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State Rundown 1/18: State Tax Priorities Taking Shape in 2024

January 18, 2024

Tax policy themes have begun to crop up in states as governors give their yearly addresses and legislators lay out their plans for the 2024 legislative season. Unfortunately for state budgets, tax cuts continue to remain a priority. Kansas lawmakers have sprung out the gate with a plan to impose a flat income tax (among other things), which would exacerbate the state’s already-upside down tax system. Meanwhile, in South Dakota, the House has its eye on making their temporary sales tax cut permanent—the plan has already received support from the governor. And governors in Rhode Island and Virginia announced their respective goals for cutting the corporate minimum tax and eliminating the car tax, the latter on top of proposed income tax cuts and a sales and use tax increase.

Major State Tax Proposals and Developments

  • The KANSAS legislature passed a Republican-sponsored tax cut plan out of the Senate that would cost the state $1.6 billion over three years. The bill would enact a 5.25 percent flat income tax, fully exempt Social Security benefits, increase the homestead exemption to $100,000, and index the standard deduction and personal exemption to inflation. Over 63 percent of the tax cut would go to households in the top 20 percent of households who, on average, earn more than $315,000 a year. Identical changes to Social Security benefits and the homestead exemption were part of Gov. Kelly’s bipartisan tax cut plan. – NEVA BUTKUS
  • The SOUTH DAKOTA House passed legislation that would permanently reduce the sales tax rate from 4.5 percent to 4.2 percent (a cut that was in effect on a temporary basis). Gov. Kristi Noem supports the tax cut which will cost just over $100 million annually. – MILES TRINIDAD

Governors’ Annual Addresses and State of State Speeches

  • RHODE ISLAND Gov. Daniel McKee proposed reducing the state’s corporate minimum tax from $400 to $350 and also called on increasing the amount of retirement income that is tax exempt. He also proposed eliminating the state’s car tax, the tangible property tax for 75 percent of businesses, and creating a sales tax exemption on the trade-in value of motorcycles for new motorcycle purchases.
  • VIRGINIA Gov. Glenn Youngkin proposed eliminating the car tax, which was originally not included in his budget proposal to lawmakers that would cut income taxes while increasing the sales tax.
  • WEST VIRGINIA Gov. Jim Justice has proposed a set of tax cuts targeted at seniors and families with children. Specifically, he proposes removing the cap on the state’s existing Social Security tax exemption, creating a state childcare credit equal to 50 percent of the federal credit, and expanding both the eligibility cap and maximum credit of the state’s existing Senior Citizen Property Tax Credit.

State Roundup

  • COLORADO lawmakers have set the stage to repeal and replace a 2023 bill that doubled the state Earned Income Tax Credit, after a lawsuit challenging the law on the grounds that it was passed unconstitutionally during the November special session.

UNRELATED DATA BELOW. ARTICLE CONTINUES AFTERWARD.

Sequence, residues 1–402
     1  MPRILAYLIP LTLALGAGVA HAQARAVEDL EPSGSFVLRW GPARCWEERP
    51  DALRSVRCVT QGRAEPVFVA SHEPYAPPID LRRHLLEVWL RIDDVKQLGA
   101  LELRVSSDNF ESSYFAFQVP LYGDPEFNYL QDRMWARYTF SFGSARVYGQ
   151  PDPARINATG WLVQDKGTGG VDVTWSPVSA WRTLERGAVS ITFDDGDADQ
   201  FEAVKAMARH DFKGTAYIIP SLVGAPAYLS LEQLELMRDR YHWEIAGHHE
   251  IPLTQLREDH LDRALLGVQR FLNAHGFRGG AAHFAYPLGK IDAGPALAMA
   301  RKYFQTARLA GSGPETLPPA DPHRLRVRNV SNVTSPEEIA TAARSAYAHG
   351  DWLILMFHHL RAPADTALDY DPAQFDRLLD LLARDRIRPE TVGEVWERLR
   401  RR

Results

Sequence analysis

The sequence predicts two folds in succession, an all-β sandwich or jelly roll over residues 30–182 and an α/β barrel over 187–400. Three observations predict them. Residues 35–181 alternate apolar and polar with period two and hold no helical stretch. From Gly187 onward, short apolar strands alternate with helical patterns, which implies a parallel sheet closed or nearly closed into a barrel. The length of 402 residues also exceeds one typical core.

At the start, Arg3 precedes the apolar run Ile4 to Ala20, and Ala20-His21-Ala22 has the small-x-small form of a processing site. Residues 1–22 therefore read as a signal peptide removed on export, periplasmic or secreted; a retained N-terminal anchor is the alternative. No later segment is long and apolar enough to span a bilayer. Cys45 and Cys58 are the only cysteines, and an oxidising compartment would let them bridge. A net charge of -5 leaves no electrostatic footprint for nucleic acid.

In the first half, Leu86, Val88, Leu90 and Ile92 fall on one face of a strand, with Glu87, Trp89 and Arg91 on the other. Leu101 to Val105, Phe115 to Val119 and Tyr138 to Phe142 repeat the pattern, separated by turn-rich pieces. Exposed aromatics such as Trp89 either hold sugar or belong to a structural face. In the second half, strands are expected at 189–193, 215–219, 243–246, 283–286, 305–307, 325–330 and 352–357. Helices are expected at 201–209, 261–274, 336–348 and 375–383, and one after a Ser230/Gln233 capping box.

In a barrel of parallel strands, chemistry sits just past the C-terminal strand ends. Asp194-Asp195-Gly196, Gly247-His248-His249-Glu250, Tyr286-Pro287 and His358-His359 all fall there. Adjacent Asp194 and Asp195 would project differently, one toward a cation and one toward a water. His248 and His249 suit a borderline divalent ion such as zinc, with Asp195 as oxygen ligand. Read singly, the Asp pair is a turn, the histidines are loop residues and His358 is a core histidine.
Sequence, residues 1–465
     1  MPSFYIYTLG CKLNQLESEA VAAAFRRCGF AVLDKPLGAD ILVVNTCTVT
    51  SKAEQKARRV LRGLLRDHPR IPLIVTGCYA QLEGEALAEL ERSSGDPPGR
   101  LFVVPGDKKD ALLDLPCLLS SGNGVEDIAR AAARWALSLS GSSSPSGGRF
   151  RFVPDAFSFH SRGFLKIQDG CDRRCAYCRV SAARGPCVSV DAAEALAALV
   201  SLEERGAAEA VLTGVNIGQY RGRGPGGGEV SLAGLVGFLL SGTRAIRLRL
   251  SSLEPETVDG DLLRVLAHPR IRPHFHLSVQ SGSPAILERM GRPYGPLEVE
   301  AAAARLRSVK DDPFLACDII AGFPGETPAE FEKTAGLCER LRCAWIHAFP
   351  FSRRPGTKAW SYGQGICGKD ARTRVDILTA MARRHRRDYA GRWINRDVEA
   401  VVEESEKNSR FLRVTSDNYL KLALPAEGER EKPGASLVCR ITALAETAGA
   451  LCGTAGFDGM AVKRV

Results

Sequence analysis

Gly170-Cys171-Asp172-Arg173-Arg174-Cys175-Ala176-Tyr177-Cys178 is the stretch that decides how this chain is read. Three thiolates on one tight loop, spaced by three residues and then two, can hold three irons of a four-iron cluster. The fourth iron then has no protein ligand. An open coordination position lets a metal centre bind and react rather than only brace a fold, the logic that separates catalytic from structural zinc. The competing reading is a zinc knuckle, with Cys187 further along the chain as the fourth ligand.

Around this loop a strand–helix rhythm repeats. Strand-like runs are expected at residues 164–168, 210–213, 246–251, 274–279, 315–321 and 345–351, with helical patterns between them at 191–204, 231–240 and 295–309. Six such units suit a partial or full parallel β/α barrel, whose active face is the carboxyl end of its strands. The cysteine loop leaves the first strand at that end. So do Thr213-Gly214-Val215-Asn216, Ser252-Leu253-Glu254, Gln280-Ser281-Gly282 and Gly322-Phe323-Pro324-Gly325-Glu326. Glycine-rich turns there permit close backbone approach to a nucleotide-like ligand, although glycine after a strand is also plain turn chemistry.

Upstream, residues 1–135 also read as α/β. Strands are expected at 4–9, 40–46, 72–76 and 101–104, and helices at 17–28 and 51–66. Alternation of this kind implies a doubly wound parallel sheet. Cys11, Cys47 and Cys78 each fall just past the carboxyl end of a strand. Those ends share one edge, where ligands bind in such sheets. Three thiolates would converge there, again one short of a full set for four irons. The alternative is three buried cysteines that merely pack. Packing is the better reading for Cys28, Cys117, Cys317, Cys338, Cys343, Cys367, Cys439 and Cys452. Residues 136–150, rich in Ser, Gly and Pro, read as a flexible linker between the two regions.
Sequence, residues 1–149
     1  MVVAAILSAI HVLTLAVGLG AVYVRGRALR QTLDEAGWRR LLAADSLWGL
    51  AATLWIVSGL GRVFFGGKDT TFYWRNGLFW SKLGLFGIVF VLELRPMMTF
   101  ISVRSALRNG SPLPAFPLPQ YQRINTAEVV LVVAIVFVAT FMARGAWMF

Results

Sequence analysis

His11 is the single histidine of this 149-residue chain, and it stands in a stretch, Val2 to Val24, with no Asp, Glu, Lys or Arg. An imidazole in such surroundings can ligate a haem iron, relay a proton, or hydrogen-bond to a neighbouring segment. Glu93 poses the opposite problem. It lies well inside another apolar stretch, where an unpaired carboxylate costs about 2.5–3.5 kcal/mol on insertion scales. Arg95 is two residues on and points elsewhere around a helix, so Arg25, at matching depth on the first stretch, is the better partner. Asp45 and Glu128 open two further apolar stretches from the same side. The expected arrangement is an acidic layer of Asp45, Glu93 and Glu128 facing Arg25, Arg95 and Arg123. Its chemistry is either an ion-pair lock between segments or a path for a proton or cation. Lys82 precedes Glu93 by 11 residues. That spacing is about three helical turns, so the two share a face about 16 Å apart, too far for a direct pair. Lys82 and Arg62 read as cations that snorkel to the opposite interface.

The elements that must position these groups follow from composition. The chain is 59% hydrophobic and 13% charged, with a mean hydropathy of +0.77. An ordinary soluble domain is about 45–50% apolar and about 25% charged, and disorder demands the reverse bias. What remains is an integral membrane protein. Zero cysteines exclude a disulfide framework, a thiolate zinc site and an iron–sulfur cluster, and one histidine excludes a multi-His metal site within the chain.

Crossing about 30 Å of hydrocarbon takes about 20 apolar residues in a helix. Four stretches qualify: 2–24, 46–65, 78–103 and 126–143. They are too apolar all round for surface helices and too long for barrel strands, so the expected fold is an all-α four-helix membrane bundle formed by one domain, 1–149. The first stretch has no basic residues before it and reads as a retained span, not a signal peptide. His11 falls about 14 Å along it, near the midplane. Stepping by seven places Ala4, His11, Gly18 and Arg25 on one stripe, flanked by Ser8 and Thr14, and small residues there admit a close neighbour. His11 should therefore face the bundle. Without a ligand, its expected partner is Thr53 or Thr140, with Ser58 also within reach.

• A KENTUCKY proposal to exempt diapers from the state’s sales tax is picking up steam, as it adds the state’s Senate Majority Leader to the bipartisan effort.
  • In the face of a $1.1 billion shortfall, MARYLAND Gov. Wes Moore introduced a plan that aims to balance the budget without raising taxes. His proposal reduces spending on transportation and higher education and redirects funding to other areas such as public education. The proposal also includes a new fee for a program that currently provides free childcare for qualifying families, asking families to pay up to 7 percent of their income for the cost of childcare.
  • MONTANA Gov. Greg Gianforte has tasked a bipartisan group with formulating recommendations on how the state can lower property taxes for residents.
  • Democrats in NEW MEXICO are once again pushing to increase alcohol taxes by 25 cents a drink. The state, which hasn’t raised alcohol taxes in 30 years, leads the nation in alcohol-related deaths.
  • OKLAHOMA Gov. Kevin Sitt has called a special session starting one week before the state’s regular session to press for an income tax cut. The governor—who has called similar sessions before—faces stiff resistance from legislative leaders, who remain skeptical that a cut is fiscally responsible, or that a special session one week before the regular session is necessary.
  • The U.S. Supreme Court has declined to review a lawsuit challenging WASHINGTON state’s Capital Gains Excise Tax. The decision is great news for the people of Washington, as the tax improves tax fairness in the state, which was previously the most regressive tax code in the nation. It is also already bringing in nearly $900 million per year for childcare, early education, and school construction. Opponents, however, are still planning to attempt to repeal the tax at the ballot.
  • WISCONSIN Republicans have come to an agreement on their latest attempt at an income tax cut. The legislation would condense the state’s middle income tax brackets to a single bracket that would tax income between $20,000 and $300,000 at 4.4 percent for married filers and between $15,000 and $225,000 for single filers.

What We’re Reading

  • NOLA.com discusses how property tax freezes are chipping away at local revenues in Louisiana with little transparency on how they are impacting local revenue collections.


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